section “Undoing Undos” on page 296 for more information.

‡ The mnemonic for x is that it is supposedly like “x-ing out” mistakes with a typewriter. Of course, who uses

a typewriter anymore?

Simple Edits | 25

Learning the vi and Vim Editors

Moving Text

In vi, you move text by deleting it and then placing that deleted text elsewhere in the

file, like a “cut and paste.” Each time you delete a text block, that deletion is temporarily

saved in a special buffer. Move to another position in your file and use the put command

(p) to place that text in the new position. You can move any block of text, although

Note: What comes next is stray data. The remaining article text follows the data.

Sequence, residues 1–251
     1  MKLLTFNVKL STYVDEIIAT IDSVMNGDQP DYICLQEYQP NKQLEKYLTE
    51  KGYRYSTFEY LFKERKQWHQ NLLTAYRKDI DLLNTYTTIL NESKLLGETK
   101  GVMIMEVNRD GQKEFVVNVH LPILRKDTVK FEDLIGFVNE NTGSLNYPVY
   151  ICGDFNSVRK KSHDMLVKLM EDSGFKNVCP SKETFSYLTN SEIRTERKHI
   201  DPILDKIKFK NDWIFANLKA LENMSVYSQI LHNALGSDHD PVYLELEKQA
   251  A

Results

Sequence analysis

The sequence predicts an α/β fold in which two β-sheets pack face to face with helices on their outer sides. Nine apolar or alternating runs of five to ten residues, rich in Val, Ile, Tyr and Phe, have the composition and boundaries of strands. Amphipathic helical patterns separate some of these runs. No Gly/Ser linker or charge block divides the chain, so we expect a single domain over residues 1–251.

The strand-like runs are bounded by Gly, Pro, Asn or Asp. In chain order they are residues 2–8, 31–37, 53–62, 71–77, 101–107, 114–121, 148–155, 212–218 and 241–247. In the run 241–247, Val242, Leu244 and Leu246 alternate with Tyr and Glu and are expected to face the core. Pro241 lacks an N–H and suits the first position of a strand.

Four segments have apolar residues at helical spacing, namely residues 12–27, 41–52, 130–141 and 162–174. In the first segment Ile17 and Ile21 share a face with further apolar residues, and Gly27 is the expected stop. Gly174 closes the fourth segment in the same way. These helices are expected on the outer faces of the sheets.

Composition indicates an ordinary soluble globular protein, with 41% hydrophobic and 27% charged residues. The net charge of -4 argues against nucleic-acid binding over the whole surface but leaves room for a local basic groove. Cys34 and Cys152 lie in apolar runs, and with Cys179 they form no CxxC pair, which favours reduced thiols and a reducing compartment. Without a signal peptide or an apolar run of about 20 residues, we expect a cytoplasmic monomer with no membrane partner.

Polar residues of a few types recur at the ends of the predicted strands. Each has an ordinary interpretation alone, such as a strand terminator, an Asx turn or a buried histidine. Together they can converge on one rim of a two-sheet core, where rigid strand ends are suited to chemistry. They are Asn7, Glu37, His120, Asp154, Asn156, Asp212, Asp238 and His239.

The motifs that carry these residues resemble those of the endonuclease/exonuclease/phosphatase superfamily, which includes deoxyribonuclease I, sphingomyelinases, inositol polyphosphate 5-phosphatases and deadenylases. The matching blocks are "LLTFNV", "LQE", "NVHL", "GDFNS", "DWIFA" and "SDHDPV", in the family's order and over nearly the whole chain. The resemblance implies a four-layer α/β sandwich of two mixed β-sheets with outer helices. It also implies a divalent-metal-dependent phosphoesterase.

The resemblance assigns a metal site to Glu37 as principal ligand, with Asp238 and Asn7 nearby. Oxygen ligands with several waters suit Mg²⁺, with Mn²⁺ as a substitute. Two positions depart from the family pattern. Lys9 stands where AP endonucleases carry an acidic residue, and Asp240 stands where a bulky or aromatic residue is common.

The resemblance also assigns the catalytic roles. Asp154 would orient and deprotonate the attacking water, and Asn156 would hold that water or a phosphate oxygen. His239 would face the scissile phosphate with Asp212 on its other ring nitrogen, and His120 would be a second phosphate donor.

moving is more useful with lines than with words.

The put command (p) puts the text that is in the buffer after the cursor position.

p The uppercase version of the command, P, puts the text before the cursor. If you

delete one or more lines, p puts the deleted text on a new line(s) below the cursor. If

you delete less than an entire line, p puts the deleted text into the current line, after the

cursor.

Suppose in your file practice you have the text:

You can move text by deleting it and then,

like a "cut and paste,"

placing the deleted text elsewhere in the file.

each time you delete a text block.

and you want to move the second line, like a “cut and paste,” below the third line. Using

delete, you can make this edit:

Keystrokes

Results

dd

You can move text by deleting it and then,

placing the deleted text elsewhere in the file.

each time you delete a text block.

With the cursor on the second line, delete that line. The text is placed in a buffer (reserved